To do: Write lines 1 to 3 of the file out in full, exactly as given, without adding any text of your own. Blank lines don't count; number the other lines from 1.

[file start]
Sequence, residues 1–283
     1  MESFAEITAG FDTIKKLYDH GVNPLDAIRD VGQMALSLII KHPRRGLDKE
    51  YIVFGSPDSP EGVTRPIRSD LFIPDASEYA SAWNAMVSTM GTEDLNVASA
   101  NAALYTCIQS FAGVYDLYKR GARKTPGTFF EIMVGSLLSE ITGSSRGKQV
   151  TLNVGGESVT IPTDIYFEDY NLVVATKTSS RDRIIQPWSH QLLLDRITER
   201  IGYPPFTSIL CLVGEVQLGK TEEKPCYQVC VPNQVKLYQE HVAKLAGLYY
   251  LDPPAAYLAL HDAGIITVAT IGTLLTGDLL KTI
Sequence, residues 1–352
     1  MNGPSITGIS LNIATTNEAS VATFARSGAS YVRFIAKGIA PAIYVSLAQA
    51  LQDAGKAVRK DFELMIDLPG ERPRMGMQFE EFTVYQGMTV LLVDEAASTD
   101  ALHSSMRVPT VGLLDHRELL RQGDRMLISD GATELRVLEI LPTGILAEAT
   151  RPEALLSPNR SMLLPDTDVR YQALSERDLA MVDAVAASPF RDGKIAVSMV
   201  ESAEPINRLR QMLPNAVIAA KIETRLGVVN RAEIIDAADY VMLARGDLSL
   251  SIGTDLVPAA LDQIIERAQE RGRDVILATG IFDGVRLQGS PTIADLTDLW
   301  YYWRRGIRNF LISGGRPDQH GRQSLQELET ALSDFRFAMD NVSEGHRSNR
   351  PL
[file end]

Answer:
Sequence, residues 1–283
     1  MESFAEITAG FDTIKKLYDH GVNPLDAIRD VGQMALSLII KHPRRGLDKE
    51  YIVFGSPDSP EGVTRPIRSD LFIPDASEYA SAWNAMVSTM GTEDLNVASA